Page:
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pivoting

[piv-uh-ting] /ˈpɪv ə tɪŋ/
noun, Dentistry.
1.
(formerly) the attaching of an artificial crown to the root of a tooth with a metal dowel.
Origin
1850-1855
1850-55; pivot (v.) + -ing1

pivot

[piv-uh t] /ˈpɪv ət/
noun
1.
a pin, point, or short shaft on the end of which something rests and turns, or upon and about which something rotates or oscillates.
2.
the end of a shaft or arbor, resting and turning in a bearing.
3.
any thing or person on which something or someone functions or depends vitally:
He is the pivot of my life.
4.
the person in a line, as of troops on parade, whom the others use as a point about which to wheel or maneuver.
5.
a whirling about on one foot.
6.
Basketball. the act of keeping one foot in place while holding the ball and moving the other foot one step in any direction, so as not to be charged with walking.
7.
Basketball.
  1. an offensive position in the front court, usually played by the center, in which the player stands facing away from the offensive basket and serves as the pivot of the offense by setting up plays through passing, making screens, and taking shots.
  2. Also called pivotman. the player who plays in the pivot position.
8.
Dentistry. (formerly) dowel (def 4).
verb (used without object)
9.
to turn on or as on a pivot.
10.
Basketball. to keep one foot in place while holding the ball and moving the other foot one step in any direction.
verb (used with object)
11.
to mount on, attach by, or provide with a pivot or pivots.
Origin
1605-15; < French pivot (noun), pivoter (v.), Old French < ?
Dictionary.com Unabridged
Based on the Random House Dictionary, © Random House, Inc. 2014.
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Examples for pivoting
  • She replaced unattractive windows on two sides with pivoting shutters.
  • The case locks the phone in place with a pivoting drawer, so there is little chance of the phone being flung free.
  • Masts and their pivoting sails take up valuable container space on the deck.
  • The writer limits the scope of his article by pivoting it around the stories and whims of pseudo-royal alcohol selling hoteliers.
  • Both stretch the same of amount of time and style and play the same game while running and pivoting and jumping the same amount.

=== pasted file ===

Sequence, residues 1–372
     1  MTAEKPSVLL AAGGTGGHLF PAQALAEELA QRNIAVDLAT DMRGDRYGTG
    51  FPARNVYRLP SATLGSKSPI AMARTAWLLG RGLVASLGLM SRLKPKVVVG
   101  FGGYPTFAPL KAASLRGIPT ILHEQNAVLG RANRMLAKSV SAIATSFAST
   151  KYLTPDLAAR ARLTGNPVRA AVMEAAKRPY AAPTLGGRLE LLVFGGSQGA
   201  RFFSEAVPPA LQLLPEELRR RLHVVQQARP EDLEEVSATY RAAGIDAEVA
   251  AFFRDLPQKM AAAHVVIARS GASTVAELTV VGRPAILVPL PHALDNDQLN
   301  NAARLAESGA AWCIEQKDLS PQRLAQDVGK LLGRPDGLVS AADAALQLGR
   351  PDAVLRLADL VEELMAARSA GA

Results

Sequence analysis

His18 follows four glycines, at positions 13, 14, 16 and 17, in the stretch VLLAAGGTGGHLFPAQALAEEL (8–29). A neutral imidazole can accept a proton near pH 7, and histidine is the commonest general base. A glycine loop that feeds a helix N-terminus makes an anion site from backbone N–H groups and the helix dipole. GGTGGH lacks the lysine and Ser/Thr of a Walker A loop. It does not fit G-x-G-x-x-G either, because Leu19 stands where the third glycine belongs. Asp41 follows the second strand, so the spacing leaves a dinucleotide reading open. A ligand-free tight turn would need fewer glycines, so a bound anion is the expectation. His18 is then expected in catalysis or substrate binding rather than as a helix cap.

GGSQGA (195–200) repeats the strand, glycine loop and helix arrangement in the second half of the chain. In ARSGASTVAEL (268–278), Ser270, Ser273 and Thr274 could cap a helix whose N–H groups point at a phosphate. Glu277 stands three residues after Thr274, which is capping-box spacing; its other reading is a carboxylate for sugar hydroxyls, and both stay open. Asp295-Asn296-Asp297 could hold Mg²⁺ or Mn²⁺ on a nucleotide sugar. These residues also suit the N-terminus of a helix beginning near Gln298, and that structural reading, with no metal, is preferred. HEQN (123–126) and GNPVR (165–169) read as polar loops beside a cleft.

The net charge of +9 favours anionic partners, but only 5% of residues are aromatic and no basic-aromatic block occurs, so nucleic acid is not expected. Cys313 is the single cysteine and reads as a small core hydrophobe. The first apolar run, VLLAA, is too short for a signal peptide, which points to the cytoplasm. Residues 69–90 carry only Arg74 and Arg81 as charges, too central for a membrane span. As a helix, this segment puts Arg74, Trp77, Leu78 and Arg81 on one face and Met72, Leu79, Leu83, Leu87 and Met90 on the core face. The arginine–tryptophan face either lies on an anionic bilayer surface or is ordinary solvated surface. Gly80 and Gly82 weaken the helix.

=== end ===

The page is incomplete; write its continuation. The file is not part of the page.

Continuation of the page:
• His calf started cramping in round four and he had difficulty pivoting throughout the fight.
  • pivoting on the hinges, the rods repel or attract one another when a charge is applied or removed.
  • It turns by clamping a foot to the floor and pivoting.
  • In this case, pivoting on the diagonal is sufficient for stability and is preferable for sparsity to off-diagonal pivoting.
  • Snap cover on retainer by starting at top and pivoting over the bottom of retainer.
British Dictionary definitions for pivoting

pivot

/ˈpɪvət/
noun
1.
a short shaft or pin supporting something that turns; fulcrum
2.
the end of a shaft or arbor that terminates in a bearing
3.
a person or thing upon which progress, success, etc, depends
4.
the person or position from which a military formation takes its reference, as when altering position
verb
5.
(transitive) to mount on or provide with a pivot or pivots
6.
(intransitive) to turn on or as if on a pivot
Word Origin
C17: from Old French; perhaps related to Old Provençal pua tooth of a comb
Collins English Dictionary - Complete & Unabridged 2012 Digital Edition
© William Collins Sons & Co. Ltd. 1979, 1986 © HarperCollins
Publishers 1998, 2000, 2003, 2005, 2006, 2007, 2009, 2012
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Word Origin and History for pivoting

pivot

n.

1610s, from French pivot, from Old French pivot "hinge pin, pivot" (12c.), also "penis," of uncertain origin. Figurative sense of "central point" is recorded from 1813.

v.

by 1841, from French pivoter and from pivot (n). Related: Pivoted; pivoting.

Online Etymology Dictionary, © 2010 Douglas Harper
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Encyclopedia Article for pivoting

in linear and multilinear algebra, a process for finding the solutions of a system of simultaneous linear equations by first solving one of the equations for one variable (in terms of all the others) and then substituting this expression into the remaining equations. The result is a new system in which the number of equations and variables is one less than in the original system. The same procedure is applied to another variable and the process of reduction continued until there remains one equation, in which the only unknown quantity is the last variable. Solving this equation makes it possible to "back substitute" this value in an earlier equation that contains this variable and one other unknown in order to solve for another variable. This process is continued until all the original variables have been evaluated. The whole process is greatly simplified using matrix operations, which can be performed by computers.

Learn more about pivoting with a free trial on Britannica.com
Encyclopedia Britannica, 2008. Encyclopedia Britannica Online.
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